Lemon Thyme Cornmeal Cake

April 15, 2009  •  Desserts,

Time to dust off those heavy winter roasts and stews and move into some lighter fare for spring – despite the forecast for more snow this week! Am I the only one who gets depressed when it snows? I saw Giada DiLaurentis make this cake on the Food Network (that’s what I watch when I exercise) and after trying it on both kids and adults, I’m hooked.It’s all about the herbs in this cake – start with with some fresh thyme and mince it up finely. It’s also all about the lemon zest, which I forgot to photograph, but you’ll need a Microplane grater. (See the Amazon link on the left? I’m starting to post some of my favorite cooking tools there and you can order them directly from Amazon.com.)

Here are the remainder of the ingredients – I suppose you could try this with a light sour cream, but the cake is simple enough already and I’m afraid that might make it taste dry.

There are a boatload of eggs in the recipe – both whole eggs…

…and then additional yolks. (Does anyone who is camera savvy know what it is about this picture of yolks that makes it a whopping 7 MB file???)

I made these cakes for a cooking dinner party last week – forgot to take a photo of the final product, but the plates came back clean!

Lemon Thyme Cornmeal Cake
Serves 6-8

1/2 cup cornmeal
1/2 cup flour
1 lemon, zested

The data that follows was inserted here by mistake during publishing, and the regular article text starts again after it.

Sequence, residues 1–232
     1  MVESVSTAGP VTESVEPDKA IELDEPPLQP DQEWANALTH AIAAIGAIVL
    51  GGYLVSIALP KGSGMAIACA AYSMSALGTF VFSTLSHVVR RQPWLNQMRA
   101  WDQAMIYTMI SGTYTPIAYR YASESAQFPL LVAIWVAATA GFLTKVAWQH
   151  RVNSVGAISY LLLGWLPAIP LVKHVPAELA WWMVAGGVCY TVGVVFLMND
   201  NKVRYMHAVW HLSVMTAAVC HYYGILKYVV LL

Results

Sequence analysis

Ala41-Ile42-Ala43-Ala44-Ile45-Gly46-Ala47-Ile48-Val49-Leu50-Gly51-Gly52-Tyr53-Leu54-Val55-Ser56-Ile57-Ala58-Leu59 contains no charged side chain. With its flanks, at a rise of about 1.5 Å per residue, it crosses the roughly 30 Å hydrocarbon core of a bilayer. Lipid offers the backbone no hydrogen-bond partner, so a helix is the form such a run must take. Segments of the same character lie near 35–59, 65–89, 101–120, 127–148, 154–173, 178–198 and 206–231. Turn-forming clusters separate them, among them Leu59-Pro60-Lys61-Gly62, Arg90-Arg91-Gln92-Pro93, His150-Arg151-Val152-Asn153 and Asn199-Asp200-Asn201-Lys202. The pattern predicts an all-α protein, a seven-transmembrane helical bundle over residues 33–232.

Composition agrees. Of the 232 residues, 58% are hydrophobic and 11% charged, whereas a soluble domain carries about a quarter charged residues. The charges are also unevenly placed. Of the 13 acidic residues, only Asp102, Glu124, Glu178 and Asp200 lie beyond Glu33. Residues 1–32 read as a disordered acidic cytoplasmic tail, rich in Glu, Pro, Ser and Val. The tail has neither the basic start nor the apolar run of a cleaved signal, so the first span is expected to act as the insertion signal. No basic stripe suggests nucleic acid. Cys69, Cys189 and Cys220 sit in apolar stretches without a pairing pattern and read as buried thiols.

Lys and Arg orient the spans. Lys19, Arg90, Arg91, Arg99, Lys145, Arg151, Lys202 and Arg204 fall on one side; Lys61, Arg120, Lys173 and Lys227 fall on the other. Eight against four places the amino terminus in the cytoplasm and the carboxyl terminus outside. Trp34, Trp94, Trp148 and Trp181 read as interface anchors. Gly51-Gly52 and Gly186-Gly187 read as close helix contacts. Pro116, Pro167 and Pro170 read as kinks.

1 tablespoon minced fresh thyme
1 teaspoon baking powder
1 stick butter, softened
1/2 tablespoon vanilla extract
1 1/4 cups powdered sugar
2 large eggs
4 large egg yolks
1/2 cup sour cream

Preheat the oven to 350 degrees. Butter and flour an 8-inch round cake pan. In a medium bowl, whisk together the cornmeal, cake flour, minced thyme, baking powder, and salt. Using a mixer, beat the butter and vanilla together, then add the powdered sugar with mixer on low. Once the sugar is incorporated increase the speed to high and beat until fluffy, about 3 minutes. Add the egg yolks and eggs, 1 at a time. Reduce the speed to medium and add the sour cream. On low speed add the dry ingredients just until incorporated. Pour the batter into the prepared cake pan and smooth the surface with a spatula. Bake in the lower third of the oven until the cake is golden and pulls away from the sides of the pan, about 35 minutes. Transfer the pan to a wire rack and let cool. Transfer the cake from the pan to a serving plate and dust with powdered sugar before serving. (Giada uses powdered sugar, but I think this would be delicious with some sweetened mascarpone cheese on top.)

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